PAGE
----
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Domestic violence event offers glimpse into life of those with problem

“Why did I made the decision to leave,” says guest speaker Nikki Eplion Bryant as she speaks to eventgoers during the Third Annual Domestic Violence Awareness Program Thursday evening at Ohio University Southern. Nikki talked about the years of abuse she endured and how she escaped.

The statistics are sobering: 1.3 million women in the United States are victims of domestic violence each year.

Thursday night, those who gathered at Ohio University Southern heard from survivors of domestic violence.

The annual Domestic Violence Awareness Event, sponsored by the Lawrence County Domestic Violence Task Force, was at Bowman Auditorium.

Nikki Eplion Bryant told the audience she escaped from an abusive relationship with two small children and, through hard work and determination, was able to go from victim to victor.

Bryant described an abuser who was smart and manipulative and used emotional and mental abuse to control and damage.

“It takes time to work your way in, work on a person’s vulnerabilities and then they work on every aspect of your life,” she said. And slowly but surely, she was under the control of man who loved being in control for all the wrong reasons.

Bryant described how her abuser did everything he could to derail any plans she had for self improvement, from driving off in her car when she needed it to throwing away her clothes.

When he abused her physically she would call the police but he rarely stayed in jail for long.

When Bryant realized she couldn’t live in this situation any longer, she began making a plan to take her children and escape. She said she was thankful for the help from then-domestic violence center director Ruthanne Delong.

“She brought me out of that hole,” Bryant said of Delong. And on her road to recovery, Bryant said Delong reminded her that her abusive situation did not define Bryant as a person, it was what she did as a response to it that defined her.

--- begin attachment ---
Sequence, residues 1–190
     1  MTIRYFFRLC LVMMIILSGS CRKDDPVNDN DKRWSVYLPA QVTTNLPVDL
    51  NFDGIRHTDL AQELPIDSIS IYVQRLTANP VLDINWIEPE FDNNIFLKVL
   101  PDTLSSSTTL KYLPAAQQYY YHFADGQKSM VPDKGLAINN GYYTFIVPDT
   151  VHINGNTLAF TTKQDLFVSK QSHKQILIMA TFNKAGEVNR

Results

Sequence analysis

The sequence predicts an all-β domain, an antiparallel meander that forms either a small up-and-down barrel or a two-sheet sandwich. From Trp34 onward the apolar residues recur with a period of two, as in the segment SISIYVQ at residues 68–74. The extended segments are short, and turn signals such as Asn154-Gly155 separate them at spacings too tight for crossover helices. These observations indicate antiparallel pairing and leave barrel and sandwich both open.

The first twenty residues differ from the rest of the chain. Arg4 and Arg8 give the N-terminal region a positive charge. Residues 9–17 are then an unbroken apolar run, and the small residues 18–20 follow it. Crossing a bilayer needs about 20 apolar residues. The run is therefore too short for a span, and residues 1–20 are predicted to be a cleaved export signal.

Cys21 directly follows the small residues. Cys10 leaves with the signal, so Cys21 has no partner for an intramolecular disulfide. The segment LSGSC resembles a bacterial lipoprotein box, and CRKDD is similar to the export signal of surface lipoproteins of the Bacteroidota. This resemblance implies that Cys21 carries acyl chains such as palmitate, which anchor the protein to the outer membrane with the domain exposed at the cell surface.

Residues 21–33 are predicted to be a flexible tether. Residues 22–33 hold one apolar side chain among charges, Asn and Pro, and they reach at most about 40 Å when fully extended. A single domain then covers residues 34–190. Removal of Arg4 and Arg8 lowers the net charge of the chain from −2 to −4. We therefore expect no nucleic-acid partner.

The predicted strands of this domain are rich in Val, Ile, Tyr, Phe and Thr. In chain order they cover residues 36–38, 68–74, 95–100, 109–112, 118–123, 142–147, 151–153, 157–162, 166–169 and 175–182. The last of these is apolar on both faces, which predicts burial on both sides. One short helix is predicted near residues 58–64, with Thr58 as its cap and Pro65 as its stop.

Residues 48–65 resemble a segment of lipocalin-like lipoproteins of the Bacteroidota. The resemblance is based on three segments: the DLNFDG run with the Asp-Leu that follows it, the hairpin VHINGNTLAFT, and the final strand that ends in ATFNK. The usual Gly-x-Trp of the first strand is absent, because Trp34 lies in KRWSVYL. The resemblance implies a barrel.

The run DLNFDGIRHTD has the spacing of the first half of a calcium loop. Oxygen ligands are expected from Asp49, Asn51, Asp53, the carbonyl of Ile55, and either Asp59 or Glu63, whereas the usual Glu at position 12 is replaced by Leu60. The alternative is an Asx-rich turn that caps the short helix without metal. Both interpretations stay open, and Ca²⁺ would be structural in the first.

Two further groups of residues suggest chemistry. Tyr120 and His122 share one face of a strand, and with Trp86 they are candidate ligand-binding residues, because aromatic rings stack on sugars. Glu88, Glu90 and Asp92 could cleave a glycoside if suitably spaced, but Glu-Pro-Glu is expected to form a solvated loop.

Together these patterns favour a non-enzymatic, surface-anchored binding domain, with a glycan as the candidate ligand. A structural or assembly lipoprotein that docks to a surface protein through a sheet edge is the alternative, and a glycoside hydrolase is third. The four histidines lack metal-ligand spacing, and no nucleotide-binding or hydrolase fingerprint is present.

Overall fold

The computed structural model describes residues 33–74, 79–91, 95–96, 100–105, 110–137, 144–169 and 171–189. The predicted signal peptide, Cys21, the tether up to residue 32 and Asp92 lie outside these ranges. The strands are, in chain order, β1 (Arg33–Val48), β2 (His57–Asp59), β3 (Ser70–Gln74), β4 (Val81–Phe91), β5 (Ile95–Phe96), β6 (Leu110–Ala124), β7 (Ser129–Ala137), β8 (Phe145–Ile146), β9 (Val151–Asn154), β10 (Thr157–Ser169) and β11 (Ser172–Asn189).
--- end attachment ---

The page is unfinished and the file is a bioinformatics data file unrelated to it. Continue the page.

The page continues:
Although her journey from victim to survivor was long and often challenging — she spent three months at the Lawrence County Domestic Violence Shelter — she is now an associate professor at Ashland Community and Technical College and is working on a master’s degree. She has remarried, happily, and the kids are fine.

Judy Martinez Honican told the audience she, too, was a domestic abuse survivor. The Ironton native who now lives in Owensboro, Ky., told how she grew up in an abusive situation, so when she married an abusive man she thought this was the way relationships were supposed to be.

“In 1995 he beat me so bad I was disfigured,” she said.

She said she sunk into drug abuse to escape the pain she suffered during her 13-year relationship. She said she left her abuser several times but he always found where she was hiding and would threaten her if she did not come back to him.

Also during the evening, Elaine Payne, director of the domestic violence task force, read a poem written by a survivor about abuse.

Lawrence County Commission President Les Boggs, Ironton Mayor Rich Blankenship and Ohio University Southern Director of Student Services Robert Pleasant Jr., all read proclamations denoting October as Domestic Violence Awareness Month. Ricky Payne sang musical selections and Norman and Leah Branch performed an interpretive dance.